India’s Cash Crunch Means Lower Gold Sales
India Suspends Rupee Exchange Program
The Indian government has flip-flopped and reversed its announced Rupee exchange policy. When Prime Minister Modi announced the demonetization of 500 and 1000 rupee notes in early November, he assured the nation that Indian citizens could be able to exchange their no longer legal tender rupees for new legal tender notes for a period of sixty days
That changed last week.
The Indian government announced that it was suspending its rupee exchange program and that rupees could no longer be exchanged at banks and post offices. Exchanges could only be made at the Royal Bank of India. The move means that Indians will now have to deposit their rupees in their bank accounts in order to retain their value or open bank accounts for which to deposit them. Given that less than half of Indians have bank accounts (the percentage of Indians with bank accounts in rural India is even lower) there will be a mad dash to deposit rupees in banks. To date it has been reported that only 60% of the outstanding 500 and 100 rupee notes had been exchanged or deposited.
The Indian government did not print enough new notes in order to make the exchange and many Indians waited in line in vain to exchange their notes. Further, wealthy Indians with plenty of rupees paid servants and others to stand in line to exchange their Rupees. With 40% of demonetized rupees yet to be deposited, a shortage of new notes and a population that has yet to adopt digital payments on a large scale, less commerce is taking place.
When the demonetization plan was first announced, Indians rushed to jewelry stores to purchase gold with their soon to be worthless rupees. The gold rush caused gold sales and premiums to rise.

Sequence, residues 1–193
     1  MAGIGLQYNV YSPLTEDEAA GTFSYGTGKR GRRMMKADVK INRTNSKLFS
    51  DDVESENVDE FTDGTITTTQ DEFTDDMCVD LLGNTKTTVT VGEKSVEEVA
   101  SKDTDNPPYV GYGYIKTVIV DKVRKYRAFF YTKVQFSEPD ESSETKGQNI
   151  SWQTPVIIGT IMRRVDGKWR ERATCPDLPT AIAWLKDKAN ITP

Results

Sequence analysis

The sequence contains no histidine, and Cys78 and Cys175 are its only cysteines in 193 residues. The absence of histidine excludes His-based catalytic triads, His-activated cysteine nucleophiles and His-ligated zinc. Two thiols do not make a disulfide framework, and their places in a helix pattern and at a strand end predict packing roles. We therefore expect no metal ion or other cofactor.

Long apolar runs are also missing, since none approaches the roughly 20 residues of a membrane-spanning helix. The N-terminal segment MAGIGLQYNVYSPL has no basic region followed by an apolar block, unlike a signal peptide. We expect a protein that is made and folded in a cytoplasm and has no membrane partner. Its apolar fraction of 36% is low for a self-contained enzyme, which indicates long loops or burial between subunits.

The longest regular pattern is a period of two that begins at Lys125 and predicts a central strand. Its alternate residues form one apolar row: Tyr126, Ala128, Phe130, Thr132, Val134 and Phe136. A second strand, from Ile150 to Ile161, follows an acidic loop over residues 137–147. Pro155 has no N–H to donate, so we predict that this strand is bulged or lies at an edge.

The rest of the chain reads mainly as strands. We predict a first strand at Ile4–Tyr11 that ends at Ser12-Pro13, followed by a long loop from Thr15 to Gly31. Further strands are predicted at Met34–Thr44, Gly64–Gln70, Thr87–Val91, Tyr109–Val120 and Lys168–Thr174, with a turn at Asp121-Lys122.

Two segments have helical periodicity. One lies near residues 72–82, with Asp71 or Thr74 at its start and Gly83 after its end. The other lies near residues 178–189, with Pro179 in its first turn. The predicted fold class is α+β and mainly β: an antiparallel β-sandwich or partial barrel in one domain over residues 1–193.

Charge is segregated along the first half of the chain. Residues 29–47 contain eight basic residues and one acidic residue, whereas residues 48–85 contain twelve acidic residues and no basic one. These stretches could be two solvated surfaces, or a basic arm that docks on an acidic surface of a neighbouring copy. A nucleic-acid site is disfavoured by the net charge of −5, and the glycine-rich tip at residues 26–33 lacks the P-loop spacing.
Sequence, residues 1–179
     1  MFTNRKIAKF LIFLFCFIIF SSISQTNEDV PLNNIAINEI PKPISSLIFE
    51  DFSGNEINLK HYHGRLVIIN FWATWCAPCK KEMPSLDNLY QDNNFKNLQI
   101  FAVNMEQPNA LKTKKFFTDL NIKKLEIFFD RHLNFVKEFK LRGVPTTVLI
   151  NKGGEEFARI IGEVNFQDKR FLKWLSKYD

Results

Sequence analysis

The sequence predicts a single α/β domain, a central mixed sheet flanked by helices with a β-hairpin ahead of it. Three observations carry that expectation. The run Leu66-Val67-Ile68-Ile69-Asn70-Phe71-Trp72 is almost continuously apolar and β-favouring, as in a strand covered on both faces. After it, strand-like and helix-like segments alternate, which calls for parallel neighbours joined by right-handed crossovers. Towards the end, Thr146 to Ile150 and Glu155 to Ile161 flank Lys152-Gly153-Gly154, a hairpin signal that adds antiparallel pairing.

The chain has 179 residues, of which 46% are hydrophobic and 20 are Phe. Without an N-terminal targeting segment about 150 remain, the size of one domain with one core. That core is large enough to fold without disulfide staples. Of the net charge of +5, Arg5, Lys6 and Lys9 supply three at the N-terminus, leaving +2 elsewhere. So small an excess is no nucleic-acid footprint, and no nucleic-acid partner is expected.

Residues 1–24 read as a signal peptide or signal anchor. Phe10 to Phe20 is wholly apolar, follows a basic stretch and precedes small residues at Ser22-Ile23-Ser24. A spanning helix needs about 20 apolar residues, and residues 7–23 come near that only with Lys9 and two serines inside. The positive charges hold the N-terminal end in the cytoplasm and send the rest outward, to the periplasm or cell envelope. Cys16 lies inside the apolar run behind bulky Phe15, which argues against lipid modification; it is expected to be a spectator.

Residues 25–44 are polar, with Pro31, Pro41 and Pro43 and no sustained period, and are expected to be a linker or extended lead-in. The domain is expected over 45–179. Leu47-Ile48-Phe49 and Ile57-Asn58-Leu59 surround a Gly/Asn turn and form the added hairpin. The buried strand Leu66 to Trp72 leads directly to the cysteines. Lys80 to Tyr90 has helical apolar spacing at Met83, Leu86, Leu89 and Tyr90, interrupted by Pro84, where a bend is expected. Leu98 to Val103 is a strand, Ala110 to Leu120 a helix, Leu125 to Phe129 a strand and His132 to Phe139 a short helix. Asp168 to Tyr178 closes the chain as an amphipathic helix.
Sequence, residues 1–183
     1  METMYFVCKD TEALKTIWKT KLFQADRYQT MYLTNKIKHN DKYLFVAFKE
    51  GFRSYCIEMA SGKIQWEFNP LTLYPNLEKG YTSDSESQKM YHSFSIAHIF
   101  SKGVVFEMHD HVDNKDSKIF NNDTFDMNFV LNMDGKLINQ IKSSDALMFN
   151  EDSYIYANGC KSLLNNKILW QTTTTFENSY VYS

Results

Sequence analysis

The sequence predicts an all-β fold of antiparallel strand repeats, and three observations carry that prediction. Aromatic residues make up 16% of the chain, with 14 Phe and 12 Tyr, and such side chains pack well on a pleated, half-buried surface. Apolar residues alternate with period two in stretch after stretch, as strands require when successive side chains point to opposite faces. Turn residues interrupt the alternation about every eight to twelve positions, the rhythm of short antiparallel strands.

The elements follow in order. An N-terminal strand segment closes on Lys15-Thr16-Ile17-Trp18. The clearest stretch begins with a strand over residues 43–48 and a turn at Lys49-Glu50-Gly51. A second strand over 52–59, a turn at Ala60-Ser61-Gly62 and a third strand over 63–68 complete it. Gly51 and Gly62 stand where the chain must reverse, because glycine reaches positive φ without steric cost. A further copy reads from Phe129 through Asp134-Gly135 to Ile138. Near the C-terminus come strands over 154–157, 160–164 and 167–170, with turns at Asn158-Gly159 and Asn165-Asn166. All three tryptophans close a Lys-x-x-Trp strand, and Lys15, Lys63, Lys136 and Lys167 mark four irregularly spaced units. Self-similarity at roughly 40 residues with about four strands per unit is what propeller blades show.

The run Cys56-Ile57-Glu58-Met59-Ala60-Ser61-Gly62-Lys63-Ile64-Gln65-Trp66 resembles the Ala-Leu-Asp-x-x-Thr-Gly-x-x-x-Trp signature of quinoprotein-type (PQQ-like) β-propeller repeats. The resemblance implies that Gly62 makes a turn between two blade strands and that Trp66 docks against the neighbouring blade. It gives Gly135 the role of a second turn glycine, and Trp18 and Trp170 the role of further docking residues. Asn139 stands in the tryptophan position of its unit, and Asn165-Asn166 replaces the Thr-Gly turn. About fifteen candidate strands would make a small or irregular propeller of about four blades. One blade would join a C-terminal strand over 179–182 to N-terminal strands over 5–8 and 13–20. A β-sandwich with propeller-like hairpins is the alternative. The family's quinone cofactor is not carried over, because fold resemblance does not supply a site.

The cash crunch has now, however, has impacted gold sales in India as Indians have little or no cash to transact any business, including buying gold from local jewelers. Indians are being encouraged to utilize digital payments during and after the rupee shortage. India is also looking into recent gold transactions to see if they were done to avoid tax.
Ban of Gold Imports
Two rumors have been circulating regarding gold in India. The first was a report that India was contemplating a limit and or a ban on domestic ownership of gold. An Indian finance ministry spokesperson denied this was the case.
The second rumor, that has not been denied officially, is that India is planning a ban on gold imports. India imports hundreds of tons of gold each year. Imports supply India, the world’s leading gold consuming nation with most of its supply as it has virtually no domestic gold mining production. Proponents of a gold import ban argue that it would help narrow India’s trade deficit.
Silver, often considered poor man’s gold, has received little attention during India’s cash ban and gold rumors. Any action taken by the Indian government designed to curb gold consumption, may have the effect of sending Indians into the silver market – once commerce begins to flow again.
India’s recent actions designed to curb corruption and to wean Indians off cash and gold and into a digital economy, may meet more resistance than the Indian government anticipated as Indians have a 5,000 year spiritual affinity with gold that can not be replaced by an edict by government.
This article by BGASC is not, and should not be regarded as, investment advice or as a recommendation regarding any particular course of action.